Saturday, June 12, 2010

Iron Man 2

Just 35 days too late for the curve, I went to see Iron Man 2 with MK yesterday.

It is a blast, a fun ride, better in many ways than the original--Downey repeats a winning formula (narcissism on wry, with a twist of Rock 'Em Sock 'Em Robots), and Mickey Rourke steals every scene he's in with a thumb of Stella Adler swirled in an old-fashioned glass, the excess discarded, then equal splashes of top-shelf sleaze and menace on ice.

(Gwyneth Paltrow and Scarlett Johansson are here too, on the side, in the roles of Audrey Hepburn and Angelina Jolie, respectively.  Not much here for feminists, sorry ... except for a passing genuflection to the idea that girls can be CEOs too and may not need a man's help in a fight.)

((Oh, yes, and there's Samuel Jackson, too, in the role of Samuel Jackson with an eyepatch, but this man apparently hasn't needed an actual character to play since Pulp Fiction.))

The movie is a brilliant example of the ways that Hollywood blunts political messages.  As in the original the sequel focuses on a military-weapons genius industrialist and part-time superhero, who defies Congress by refusing to give up his secret "weapon" to the government, insisting that he, as a private citizen and gaZOOKillionaire, can best protect the nation in a laissez-faire economy with limited (i.e., no) oversight and regulation.

But we don't get the message, thank God, the way Ayn Rand would have written it; instead, we see Tony Stark as a flawed, ill, out-of-control, daddy-haunted soul.  (Daddy is played, in flashback, by Mad Men's John Slattery, in a stroke of genius.)

This is typically the way Hollywood handles politics--by buttering its bread on both sides (while trimming off the unsightly crust).  So a cameo by Christiane Amanpour is "balanced" with a cameo by Bill O'Reilly--with a fleeting glimpse of comic-book genius Stan Lee to please the who-gives-a-shit-about-politics fanboys.  The villains are a disaffected Russian (commies), the government (Them!), and a playboy trillionaire, motivated by greed alone, Stark's nemesis and foil and a sop for the liberals.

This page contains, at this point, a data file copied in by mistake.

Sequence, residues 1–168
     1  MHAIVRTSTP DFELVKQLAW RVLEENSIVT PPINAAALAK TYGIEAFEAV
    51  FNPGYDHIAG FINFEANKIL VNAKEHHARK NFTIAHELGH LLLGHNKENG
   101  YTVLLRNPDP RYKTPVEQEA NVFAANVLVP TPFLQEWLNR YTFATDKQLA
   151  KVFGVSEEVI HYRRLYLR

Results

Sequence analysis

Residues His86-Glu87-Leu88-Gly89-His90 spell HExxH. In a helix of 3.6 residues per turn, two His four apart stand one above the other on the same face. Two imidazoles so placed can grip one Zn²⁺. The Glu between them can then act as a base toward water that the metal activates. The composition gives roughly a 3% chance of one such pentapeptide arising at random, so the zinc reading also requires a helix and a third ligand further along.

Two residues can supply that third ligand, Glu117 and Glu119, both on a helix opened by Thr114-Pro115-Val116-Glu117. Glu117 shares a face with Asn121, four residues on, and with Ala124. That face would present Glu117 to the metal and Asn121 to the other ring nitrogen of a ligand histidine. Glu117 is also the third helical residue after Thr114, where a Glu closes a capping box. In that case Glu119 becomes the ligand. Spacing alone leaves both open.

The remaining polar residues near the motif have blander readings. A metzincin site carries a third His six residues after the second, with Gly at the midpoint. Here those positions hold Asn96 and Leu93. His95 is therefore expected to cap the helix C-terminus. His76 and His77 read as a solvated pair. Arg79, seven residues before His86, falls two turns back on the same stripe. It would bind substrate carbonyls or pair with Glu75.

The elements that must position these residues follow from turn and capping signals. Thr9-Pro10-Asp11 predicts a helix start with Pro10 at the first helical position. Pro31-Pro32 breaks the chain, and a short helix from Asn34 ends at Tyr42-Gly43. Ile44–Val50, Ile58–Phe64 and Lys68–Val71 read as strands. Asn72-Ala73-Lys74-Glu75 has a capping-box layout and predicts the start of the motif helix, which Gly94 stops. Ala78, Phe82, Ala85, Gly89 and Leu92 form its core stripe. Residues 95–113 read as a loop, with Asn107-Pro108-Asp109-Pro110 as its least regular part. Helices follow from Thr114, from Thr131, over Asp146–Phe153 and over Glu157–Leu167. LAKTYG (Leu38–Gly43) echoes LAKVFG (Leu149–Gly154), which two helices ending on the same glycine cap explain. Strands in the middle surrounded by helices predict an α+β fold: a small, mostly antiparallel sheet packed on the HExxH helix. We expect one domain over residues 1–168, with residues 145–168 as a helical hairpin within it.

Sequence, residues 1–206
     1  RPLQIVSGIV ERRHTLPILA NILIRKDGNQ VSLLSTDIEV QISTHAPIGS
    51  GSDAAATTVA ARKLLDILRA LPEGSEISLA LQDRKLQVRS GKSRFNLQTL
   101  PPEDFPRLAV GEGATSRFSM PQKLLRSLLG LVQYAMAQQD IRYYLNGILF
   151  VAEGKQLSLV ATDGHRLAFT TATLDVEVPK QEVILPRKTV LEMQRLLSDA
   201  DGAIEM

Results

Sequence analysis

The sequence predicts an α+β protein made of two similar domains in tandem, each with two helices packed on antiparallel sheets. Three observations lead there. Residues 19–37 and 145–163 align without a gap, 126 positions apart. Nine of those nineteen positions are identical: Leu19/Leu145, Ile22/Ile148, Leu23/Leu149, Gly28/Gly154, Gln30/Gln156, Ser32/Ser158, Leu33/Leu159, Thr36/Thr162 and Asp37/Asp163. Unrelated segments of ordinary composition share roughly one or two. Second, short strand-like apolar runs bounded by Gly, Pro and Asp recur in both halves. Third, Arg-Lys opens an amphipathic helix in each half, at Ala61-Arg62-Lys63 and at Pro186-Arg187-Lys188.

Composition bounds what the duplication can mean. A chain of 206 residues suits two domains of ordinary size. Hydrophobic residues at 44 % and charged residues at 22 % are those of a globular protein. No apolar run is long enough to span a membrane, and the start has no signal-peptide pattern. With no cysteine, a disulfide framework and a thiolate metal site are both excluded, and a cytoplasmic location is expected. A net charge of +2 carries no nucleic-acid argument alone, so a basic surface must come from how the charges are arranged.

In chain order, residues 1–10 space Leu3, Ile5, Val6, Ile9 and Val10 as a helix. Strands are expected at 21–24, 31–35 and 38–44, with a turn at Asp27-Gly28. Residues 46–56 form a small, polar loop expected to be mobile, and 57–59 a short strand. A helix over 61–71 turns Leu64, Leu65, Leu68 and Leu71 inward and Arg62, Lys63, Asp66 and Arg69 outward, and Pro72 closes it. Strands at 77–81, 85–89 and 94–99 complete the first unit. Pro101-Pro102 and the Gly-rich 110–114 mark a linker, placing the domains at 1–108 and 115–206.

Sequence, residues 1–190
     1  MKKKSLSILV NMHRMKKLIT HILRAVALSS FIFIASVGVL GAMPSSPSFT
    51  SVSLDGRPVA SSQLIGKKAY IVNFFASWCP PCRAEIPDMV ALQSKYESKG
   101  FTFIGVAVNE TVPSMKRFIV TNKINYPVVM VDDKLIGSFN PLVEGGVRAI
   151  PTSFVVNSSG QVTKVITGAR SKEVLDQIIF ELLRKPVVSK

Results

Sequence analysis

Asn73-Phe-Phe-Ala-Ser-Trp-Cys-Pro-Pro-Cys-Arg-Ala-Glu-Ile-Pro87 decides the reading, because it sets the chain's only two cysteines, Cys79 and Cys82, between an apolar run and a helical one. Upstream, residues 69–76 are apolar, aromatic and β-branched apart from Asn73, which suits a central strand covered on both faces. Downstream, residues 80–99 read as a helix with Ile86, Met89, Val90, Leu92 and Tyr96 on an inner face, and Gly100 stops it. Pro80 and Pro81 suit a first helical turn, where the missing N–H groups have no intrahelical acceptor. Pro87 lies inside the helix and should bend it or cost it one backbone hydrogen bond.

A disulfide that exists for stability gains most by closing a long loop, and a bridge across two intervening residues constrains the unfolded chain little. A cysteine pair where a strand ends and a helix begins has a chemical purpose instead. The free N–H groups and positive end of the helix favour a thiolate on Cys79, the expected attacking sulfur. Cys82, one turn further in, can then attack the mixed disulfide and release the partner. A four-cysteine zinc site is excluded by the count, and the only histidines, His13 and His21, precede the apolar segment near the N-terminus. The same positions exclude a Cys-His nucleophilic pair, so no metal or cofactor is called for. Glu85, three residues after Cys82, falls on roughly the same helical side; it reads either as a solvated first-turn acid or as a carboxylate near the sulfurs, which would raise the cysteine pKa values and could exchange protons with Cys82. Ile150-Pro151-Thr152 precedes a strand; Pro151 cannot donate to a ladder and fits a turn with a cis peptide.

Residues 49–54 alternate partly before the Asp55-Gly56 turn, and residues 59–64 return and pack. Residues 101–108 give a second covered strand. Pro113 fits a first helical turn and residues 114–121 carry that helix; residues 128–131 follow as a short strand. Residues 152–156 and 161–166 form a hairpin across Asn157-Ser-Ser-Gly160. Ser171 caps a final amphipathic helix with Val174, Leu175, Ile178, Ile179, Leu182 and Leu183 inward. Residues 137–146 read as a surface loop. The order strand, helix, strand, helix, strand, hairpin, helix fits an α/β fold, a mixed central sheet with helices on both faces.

We discover that, on two fronts, Stark and Ivan Vanko (Rourke), father issues can really stunt a boy's development--either through too much influence (Vanko Sr.) or too little (the coolly distant Stark Sr.)  The trick for fathers appears to somehow effect a happy medium, which regrettably the movie fails to produce for our edification.

We also get the pairing of white man (Downey) and black man (Don Cheadle, always interesting, but underused here), with the black man showing more style, grace, wisdom and common sense than the white man--a formula as old as (nod to Leslie Fiedler) Mark Twain's Adventures of Huckleberry Finn, but endlessly retreaded, through I Spy, Miami Vice, and The Matrix.

But all that aside, the reason to see Iron Man 2 is its quip-filled dialogue (screenplay by actor/writer Justin Theroux), the sumptuous display of impossible wealth, and epic fight scenes (though my favorite is the low-tech fisticuffs of Jon Favreau, as Stark's driver but also the movie's director, in a savage, flesh-based brawl with one of the bad guys--Favreau played Rocky Marciano, after all).

Is it something I would watch again?  Probably not.  Will I go see Iron Man 3?  More than likely, perhaps even within two weeks of its initial release.  Will it be eerily like Iron Man and Iron Man 2?  I hope so.

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